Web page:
I left these services disliking them even more, but realizing their importance to nurture the faith in these small and humble communities. As the liturgical commission finalized some plans for the training, we decided to focus on Morning/Evening Prayer as the primary liturgy for SCAP services in our diocese. This was a shock to many of the people and our deacons. Nothing has been forced on these communities, but all our training is helping prepare our lay leaders to go back to the missions and teach the community about the Liturgy of the Hours, Psalmody, the importance of the Word proclaimed, and singing. It’s not a well-tuned instrument yet, but we continue to learn on the job the best way to serve those who lead SCAP, and especially our communities who celebrate SCAP. We continue to catechize on the Eucharistic Liturgy and the Liturgy of the Hours so people understand their roles in the liturgical life of the Church. I continue to ponder how I can best serve these communities with the resources I have available. I also wonder how willing some of these communities are to participate in ongoing formation. I guess we will discover that as we continue the struggle of implementation.
One of my fears, which I haven’t thought through too much, is that SCAP services with distribution of Holy Communion can lead to the reification and privatization of Communion. There is a sense that one must “get” communion at these services and if they don’t, somehow their gathering was in vain. A goal we have as a commission is to help people reclaim the Church’s rich Eucharistic teaching. We need to help people understand that what happens at SCAP isn’t Eucharist and that Eucharist invites and challenges us to action.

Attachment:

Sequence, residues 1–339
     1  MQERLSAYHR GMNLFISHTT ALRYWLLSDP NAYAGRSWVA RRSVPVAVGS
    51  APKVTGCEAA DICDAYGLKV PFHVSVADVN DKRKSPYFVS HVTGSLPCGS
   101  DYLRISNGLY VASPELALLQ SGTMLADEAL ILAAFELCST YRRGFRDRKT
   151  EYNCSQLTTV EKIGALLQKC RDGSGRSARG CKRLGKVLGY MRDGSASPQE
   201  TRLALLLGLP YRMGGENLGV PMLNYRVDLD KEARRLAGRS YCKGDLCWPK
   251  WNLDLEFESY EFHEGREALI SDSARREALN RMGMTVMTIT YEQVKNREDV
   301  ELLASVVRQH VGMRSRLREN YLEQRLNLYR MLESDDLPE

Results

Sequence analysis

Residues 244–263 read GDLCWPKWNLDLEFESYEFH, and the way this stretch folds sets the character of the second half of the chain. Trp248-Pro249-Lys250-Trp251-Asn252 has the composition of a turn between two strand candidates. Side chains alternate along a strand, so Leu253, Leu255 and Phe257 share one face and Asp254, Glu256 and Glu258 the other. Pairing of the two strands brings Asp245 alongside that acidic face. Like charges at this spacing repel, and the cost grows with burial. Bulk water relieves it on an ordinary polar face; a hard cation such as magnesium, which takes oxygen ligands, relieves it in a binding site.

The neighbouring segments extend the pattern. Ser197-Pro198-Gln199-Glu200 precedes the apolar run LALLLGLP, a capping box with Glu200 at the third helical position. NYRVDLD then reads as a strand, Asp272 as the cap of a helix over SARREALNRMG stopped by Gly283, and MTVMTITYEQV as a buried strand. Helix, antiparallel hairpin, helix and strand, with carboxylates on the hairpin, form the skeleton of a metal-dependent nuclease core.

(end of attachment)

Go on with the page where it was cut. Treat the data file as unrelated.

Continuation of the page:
Obviously, these few comments are just a terse look at a real pastoral dilemma. There are no easy solutions, but I do think teaching these communities to gather for the Liturgy of the Hours is a start to helping them understand liturgical prayer. I also think our beginning efforts to recatechize about the Eucharistic liturgy are crucial so that Holy Communion doesn’t become merely an object to be obtained, but an encounter with the Risen Christ who nourishes us and invites us to deep communion, and challenges us to proclaim the Good News of Salvation.
Two final thoughts:
- How will the new Missal be received in parishes that rarely celebrate Eucharist?
- Will there need to be a third edition of the SCAP ritual since the current Prayers for the Day come from the current Sacramentary?
I am convinced we need to help people learn the liturgy of the hours and pray them well.
I’d be curious to hear about some of your pastoral situations, methods of catechizing, fears, successes, questions, etc.